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Performance as a means of play

The Art of Performance is a monthly column written by Dave Mann, an editor and award-winning arts journalist.

‘The longing had always been a place to call my own. Now my problems are with the council, dealing with things like water and electricity and all of those things that make me wish I was five years old again, with no responsibilities and having everyone else doing everything for me.’
     That’s a quote by South African artist Nicholas Hlobo, from an interview conducted with him earlier this year about his studio space – an old synagogue in Johannesburg. The quote was never used in the final article, but in the lead up to June, I found myself thinking about it a lot.

Dave Mann
Anthea Moys vs The City of Grahamstown

     Hlobo’s comment is both funny and relatable. Because who wouldn’t want to be a carefree five-year-old again after facing things like rent, traffic, taxes, and all the other daily horrors that come with being a responsible adult? His thoughts are also interesting when you consider his practice. Conceptually, Hlobo’s work isn’t light-hearted by any means, but the act of sewing, sculpting, and performing, as he’s often required to do for his art, can be inherently youthful, if not playful. 
     Most elements of performance are playful, I think. Dancing, singing, acting, painting, even writing – they’re all things that children tend to engage in as a form of play.
     When I think about performance and play, I often start at the work of Anthea Moys. Moys is a Joburg-based artist and performer who views the act of playing as a tool for learning and believes that, when playing games, things like loss or failure are irrelevant, as you’ve most likely learned something in the process of play. To this end, she’s pulled off a number of public performances, including participating in a bike race using a stationary exercise bicycle, taking on entire sports teams by herself in both Grahamstown and Geneva, and leading a whole parade – music, dancing and all – through the streets of Hillbrow. Her work sees her engaging with children, professional artists, and ordinary citizens, young and old. Beyond Moys’ performances as tools for collaboration and learning, there’s a kind of youthful outlook you gain when you engage with her work – as if the whole city is suddenly your playground.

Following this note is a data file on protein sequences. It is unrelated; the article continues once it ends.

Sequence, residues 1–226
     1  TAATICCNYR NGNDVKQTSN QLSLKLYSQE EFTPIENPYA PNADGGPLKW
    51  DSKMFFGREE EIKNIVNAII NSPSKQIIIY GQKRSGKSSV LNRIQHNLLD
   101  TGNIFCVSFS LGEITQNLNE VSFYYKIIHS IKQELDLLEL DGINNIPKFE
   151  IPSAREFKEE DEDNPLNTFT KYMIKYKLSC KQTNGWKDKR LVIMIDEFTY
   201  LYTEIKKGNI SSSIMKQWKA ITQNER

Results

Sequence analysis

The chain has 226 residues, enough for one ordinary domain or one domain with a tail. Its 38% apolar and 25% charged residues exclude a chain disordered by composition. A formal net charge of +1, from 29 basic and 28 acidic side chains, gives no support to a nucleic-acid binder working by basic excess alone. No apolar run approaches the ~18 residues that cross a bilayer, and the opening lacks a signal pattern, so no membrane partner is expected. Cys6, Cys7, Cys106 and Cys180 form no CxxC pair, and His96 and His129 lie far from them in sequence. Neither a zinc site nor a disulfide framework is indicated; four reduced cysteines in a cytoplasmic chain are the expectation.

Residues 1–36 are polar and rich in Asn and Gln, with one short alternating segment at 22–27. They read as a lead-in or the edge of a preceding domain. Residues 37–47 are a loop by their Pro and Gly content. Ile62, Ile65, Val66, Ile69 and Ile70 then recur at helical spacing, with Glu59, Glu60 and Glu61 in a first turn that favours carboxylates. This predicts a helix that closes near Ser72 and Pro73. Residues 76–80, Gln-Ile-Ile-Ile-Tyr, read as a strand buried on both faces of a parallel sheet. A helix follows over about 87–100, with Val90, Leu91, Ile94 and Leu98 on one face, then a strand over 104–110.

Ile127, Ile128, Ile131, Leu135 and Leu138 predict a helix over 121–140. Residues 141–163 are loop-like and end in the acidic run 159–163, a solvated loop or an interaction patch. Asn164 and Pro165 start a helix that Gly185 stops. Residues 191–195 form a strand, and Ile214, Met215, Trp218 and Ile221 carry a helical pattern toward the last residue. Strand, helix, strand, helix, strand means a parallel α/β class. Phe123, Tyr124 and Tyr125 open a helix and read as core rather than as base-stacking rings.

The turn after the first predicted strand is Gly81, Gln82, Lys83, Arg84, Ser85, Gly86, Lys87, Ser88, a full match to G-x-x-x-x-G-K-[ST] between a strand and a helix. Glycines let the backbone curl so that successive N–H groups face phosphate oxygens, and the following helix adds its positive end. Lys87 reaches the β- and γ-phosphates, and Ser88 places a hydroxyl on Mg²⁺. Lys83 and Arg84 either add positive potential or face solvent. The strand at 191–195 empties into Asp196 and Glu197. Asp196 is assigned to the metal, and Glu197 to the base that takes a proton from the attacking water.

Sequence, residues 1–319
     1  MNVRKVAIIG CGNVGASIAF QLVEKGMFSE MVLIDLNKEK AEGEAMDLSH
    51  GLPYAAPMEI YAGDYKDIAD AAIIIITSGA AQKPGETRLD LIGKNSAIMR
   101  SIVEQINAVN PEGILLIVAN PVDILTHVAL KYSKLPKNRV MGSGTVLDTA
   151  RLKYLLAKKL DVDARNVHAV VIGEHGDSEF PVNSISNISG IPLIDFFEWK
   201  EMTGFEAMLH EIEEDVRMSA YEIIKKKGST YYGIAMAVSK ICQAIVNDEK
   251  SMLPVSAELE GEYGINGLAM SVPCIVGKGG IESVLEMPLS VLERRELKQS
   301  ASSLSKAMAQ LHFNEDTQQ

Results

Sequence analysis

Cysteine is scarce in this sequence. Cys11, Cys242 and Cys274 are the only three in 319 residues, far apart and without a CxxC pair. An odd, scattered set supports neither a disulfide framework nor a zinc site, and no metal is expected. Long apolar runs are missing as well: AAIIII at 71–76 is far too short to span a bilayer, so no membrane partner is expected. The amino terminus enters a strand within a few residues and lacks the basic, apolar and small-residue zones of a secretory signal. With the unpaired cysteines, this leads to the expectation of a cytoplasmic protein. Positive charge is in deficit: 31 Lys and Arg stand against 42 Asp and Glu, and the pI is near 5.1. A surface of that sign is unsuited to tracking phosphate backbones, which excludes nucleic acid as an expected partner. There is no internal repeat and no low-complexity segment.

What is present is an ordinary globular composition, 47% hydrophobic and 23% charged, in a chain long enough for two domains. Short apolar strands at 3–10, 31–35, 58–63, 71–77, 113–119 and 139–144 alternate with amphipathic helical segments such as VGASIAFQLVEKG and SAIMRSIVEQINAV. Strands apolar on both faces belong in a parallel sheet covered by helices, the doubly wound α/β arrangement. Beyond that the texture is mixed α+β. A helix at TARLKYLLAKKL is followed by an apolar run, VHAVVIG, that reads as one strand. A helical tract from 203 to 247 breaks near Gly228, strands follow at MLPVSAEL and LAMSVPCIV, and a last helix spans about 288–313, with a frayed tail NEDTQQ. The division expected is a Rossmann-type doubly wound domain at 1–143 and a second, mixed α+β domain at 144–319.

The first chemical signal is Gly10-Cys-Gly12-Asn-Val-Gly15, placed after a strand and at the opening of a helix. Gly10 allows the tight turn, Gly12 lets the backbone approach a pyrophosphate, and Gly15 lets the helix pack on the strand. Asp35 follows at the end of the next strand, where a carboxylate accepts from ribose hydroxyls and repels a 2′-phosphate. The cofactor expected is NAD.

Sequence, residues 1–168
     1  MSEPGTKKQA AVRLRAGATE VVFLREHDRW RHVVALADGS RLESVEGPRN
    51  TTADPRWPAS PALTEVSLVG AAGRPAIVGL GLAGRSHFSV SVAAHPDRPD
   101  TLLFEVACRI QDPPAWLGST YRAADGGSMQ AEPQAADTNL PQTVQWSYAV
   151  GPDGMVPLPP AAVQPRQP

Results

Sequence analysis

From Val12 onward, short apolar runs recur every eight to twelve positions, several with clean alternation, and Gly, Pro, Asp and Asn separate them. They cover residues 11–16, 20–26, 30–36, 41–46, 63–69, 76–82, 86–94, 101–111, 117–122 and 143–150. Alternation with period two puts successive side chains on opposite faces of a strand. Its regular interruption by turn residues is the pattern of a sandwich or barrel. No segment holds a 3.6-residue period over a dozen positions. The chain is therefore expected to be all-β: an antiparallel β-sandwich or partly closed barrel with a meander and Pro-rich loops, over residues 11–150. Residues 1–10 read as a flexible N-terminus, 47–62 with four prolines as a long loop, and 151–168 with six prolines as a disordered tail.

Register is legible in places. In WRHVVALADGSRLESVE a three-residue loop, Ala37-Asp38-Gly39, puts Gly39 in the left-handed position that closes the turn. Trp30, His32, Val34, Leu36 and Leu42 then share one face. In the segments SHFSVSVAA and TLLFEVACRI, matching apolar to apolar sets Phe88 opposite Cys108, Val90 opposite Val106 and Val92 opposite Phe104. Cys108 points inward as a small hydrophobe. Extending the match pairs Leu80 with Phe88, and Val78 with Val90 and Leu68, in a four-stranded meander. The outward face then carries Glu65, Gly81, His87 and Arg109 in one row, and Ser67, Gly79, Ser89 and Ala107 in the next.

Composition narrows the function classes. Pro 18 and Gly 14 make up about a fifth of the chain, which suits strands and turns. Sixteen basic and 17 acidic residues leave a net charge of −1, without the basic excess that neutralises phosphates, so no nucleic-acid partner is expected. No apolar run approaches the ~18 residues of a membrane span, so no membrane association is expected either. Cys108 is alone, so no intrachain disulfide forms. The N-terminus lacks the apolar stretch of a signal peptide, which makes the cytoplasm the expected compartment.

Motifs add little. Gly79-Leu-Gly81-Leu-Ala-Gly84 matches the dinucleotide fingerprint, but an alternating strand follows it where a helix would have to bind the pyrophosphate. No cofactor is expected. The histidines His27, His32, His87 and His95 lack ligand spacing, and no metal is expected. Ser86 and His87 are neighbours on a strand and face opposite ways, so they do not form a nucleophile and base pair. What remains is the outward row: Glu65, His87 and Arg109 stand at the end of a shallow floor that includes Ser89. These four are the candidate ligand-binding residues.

Dave Mann
Bombshelter Beast

     Theatre is another excellent form of play, and groups like Drama for Life or Ubom! Eastern Cape Drama Company (which is now sadly defunct) have done incredible work through their children’s and community theatre programmes which make use of both storytelling and the element of play. Organisations such as Keleketla! Library also use art and storytelling as a means of education and understanding. Back when they were located at The Drill Hall in downtown Joburg, their after-school programmes made use of visual art, texts, performances, and other expressive tools to engage their pupils. Then you get musical acts like Bombshelter Beast. The 13-member band are known for taking to the stage in bright costumes, waving an array of different instruments around, and rarely failing to get the crowd on their feet, be it on the low-lit stage of The Orbit, or at the Zoo Lake Bowls Club. Seeing an act like Bombshelter Beast performing, you get the sense that, besides making great music that people can enjoy, one of the main reasons they do what they do is because it’s a hell of a lot of fun.
        Read more about Nicholas HloboAnthea Moys and Jessica Doucha and stay ultra-modern by purchasing our exciting latest issue here. We don’t want you to miss out!

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